01 of 04
How to Press Quilts to Improve Quilting Skills
Your quiltmaking skills will improve immediately when you learn how to press quilt blocks. Pressing seam allowances as you work helps eliminate little bits of fabric that become "lost" within seam allowances, creating distortions and making your finished quilt blocks smaller than they should be.
Additionally, careful pressing saves time because your quilt blocks will fit together exactly as they should when it's time to assemble the quilt. Let's say your quilt block contains a row of pieced units with a total of 10 seam allowances in the row. What if a pencil line-width of fabric is caught up in each seam allowance simply because you didn't press? It doesn't sound like much, but multiply that line by 10, and it becomes the difference between stitching an accurate quilt block or a block that won't match up to its neighbors. You've perfected your quarter-inch seam allowance, so don't allow inadequate pressing to destroy your work.Continue to 2 of 4 below.
02 of 04
Press, Don't Iron
Allow the heat and weight of the iron to do the pressing. Avoid moving the iron back and forth vigorously across the surface of your quilt blocks because the movement will probably stretch them out of shape.
You can use more movement when pressing large pieces of fabric, and sometimes it's necessary to work into a seam allowance with the tip or side of the iron but take care not to pull and tug with too much enthusiasm.
Quilters disagree on whether or not to steam-press. It could contribute to stretch, but sometimes steam is helpful.
- Careful steam pressing can help you square-up a skewed block.
- Steam pressing produces crisply pressed seam allowances and fabrics.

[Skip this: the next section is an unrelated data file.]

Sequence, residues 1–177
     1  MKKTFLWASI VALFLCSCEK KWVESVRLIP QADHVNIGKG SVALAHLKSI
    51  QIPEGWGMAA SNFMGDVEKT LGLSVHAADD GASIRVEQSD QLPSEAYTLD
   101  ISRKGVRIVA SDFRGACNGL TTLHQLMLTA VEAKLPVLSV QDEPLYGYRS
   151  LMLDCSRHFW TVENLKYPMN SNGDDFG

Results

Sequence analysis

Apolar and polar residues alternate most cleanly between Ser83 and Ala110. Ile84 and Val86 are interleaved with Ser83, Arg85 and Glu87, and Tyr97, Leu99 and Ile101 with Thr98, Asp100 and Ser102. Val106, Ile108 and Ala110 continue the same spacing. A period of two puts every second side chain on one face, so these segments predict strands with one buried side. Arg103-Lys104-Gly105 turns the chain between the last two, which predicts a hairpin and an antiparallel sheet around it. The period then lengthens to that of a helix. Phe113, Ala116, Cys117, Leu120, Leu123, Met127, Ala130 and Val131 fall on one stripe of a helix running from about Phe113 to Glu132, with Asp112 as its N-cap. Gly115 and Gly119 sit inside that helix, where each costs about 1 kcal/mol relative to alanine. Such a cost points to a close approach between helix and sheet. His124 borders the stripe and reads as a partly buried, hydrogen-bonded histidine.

- If you tug at a block that's been dampened with steam, it is more likely to stretch.
- Steam could cause some fabrics to bleed, leaving stains (but hopefully you've already done a bleed test on all your fabrics).
Keep a spritzer bottle filled with water on the ironing board. If you need a little moisture, spray mist a specific area to avoid sending loads of hot steam throughout my quilt blocks. Try pressing your quilt components and blocks with and without steam to find out which method works best for different situations.Continue to 3 of 4 below.
03 of 04
Step-by-Step Pressing Process
Continue to 4 of 4 below.
- Turn your iron to the "cotton" setting if pressing cotton patches.
- Place the patchwork on your ironing board, unopened, just as it was sewn. The fabric that the seam allowance will be pressed toward should be facing up. Most quilting patterns tell you which way to press seam allowances.
- Set the iron down on top of the unopened unit to set the seam.
- Let the unit cool a bit, and then flip the top fabric back gently, using your fingers to fold it away from the bottom fabric along the seam line.
- Place the edge of the iron on the lower strip and very gently work it toward and over the seam allowance. Excess pushing and tugging can stretch the fabric, so take care. Allow the heat and weight of the iron to press the seam flat. Raise and lower the iron along the entire length of the seam to finish pressing.
- Turn the unit over and press from the back to complete the job.
- Remove excess strings as you work.
- Inspect the unit from the front. Notice that seam allowances on the back make the front of the unit pooch out a bit, creating lofts that butt into each other for a snug fit when it's time to sew units together.
04 of 04
Sew Quilt Block Components Into Rows
Sew units together to create rows, and then press seams in each row as directed in your pattern. Then, sew rows together and press the completed quilt block.
If your quilt pattern doesn't specify which direction to press, try to press seams that adjoin each other in opposite directions.